Thursday, September 20, 2012
The complaints about negative political campaigning, especially political ads, are constant.
“We don’t like negative campaigning,” people say.
Then we go out and vote for the people who are responsible for all the negativity.
Well, unless we’re willing to vote for a third party, we don’t have much choice.
But here is where we do have a choice, here is where we, at The Cabinet, get to put our money where out mouths are.
We, too, dislike negative campaigning and while we cannot do anything about that, or about negative ads, there is one area, at least, that we can control and that is our Letters to the Editor.
We have decided that with this campaign – on all levels, from president to supervisor of the checklist – we will not accept any negative letters. No exceptions.
We want your letters about the campaign but the rule is simple: Keep them positive.
Tell us, for instance, why you intend to vote for President Obama or Gov. Romney.
Don’t tell us why you’re going to vote against one of them.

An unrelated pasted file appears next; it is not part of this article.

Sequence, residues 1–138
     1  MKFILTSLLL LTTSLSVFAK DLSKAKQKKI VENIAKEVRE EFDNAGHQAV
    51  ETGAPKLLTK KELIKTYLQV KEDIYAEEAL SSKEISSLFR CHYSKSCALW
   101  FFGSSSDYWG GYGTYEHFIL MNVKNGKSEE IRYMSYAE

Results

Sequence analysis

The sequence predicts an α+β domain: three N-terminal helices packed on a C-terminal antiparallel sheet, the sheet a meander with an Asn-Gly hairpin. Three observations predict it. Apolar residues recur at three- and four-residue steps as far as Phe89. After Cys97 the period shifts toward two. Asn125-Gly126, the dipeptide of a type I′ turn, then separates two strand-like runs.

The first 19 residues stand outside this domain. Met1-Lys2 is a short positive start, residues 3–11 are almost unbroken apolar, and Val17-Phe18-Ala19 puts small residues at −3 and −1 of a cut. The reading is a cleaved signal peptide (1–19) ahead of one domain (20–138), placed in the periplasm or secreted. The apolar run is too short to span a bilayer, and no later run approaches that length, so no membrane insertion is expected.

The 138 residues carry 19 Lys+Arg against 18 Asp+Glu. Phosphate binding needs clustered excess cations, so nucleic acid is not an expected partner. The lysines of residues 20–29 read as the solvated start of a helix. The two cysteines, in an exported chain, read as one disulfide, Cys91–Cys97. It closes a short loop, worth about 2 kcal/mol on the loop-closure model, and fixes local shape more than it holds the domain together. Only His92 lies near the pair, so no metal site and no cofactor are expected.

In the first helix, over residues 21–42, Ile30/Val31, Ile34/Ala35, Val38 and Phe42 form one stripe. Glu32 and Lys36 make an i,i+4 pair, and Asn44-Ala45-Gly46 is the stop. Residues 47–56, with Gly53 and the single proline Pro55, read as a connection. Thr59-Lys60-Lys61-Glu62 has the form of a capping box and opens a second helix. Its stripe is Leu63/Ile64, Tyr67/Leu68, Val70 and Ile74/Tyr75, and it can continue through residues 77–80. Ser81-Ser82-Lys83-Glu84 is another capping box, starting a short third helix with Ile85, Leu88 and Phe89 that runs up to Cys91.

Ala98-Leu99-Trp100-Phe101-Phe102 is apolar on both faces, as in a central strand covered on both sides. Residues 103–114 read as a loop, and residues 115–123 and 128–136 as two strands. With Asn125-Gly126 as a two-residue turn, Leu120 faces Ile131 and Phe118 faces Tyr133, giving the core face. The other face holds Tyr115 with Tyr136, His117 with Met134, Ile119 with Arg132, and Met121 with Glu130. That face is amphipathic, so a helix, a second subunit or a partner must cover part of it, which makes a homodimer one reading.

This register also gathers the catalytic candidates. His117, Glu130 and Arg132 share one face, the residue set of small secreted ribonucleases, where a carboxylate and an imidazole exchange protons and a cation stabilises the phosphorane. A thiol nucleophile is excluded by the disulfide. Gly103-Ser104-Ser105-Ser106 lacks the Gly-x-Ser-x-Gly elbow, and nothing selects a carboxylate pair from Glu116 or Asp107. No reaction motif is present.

We won’t print it.
And, by the way, this applies to letters about people who have written letters. For now, at least, we will not print them.
The battle against all this nasty negativity has to start somewhere, so let’s start it here, in the Souhegan Valley, with you and with us.
We know you have lots of reasons for favoring a candidate, or candidates.
If you are, for instance, an Amherst Republican, tell us why you intend to vote for all three of the GOP House candidates from that town, or perhaps only two of them, or perhaps only one.
If you are a Milford Democrat, tell us why you intend to vote for the Democratic candidates, or a particular candidate.
One thing we think you might discover: It’s actually harder to explain why you’re supporting someone than to attack his or her opponent, but we all live for challenges, don’t we? Well, let’s all challenge ourselves.
And we make you this pledge: If and when we decide to endorse a candidate or candidates, we will endorse, not condemn.
One more thing: We will run letters critical of policies as long as the criticism is reasonably stated. So, yes, you can criticize a health care plan or a tax plan but without attacking the person whose plan it is.
Let’s start the revolution against negativity right here, right now, in the Souhegan Valley and The Cabinet.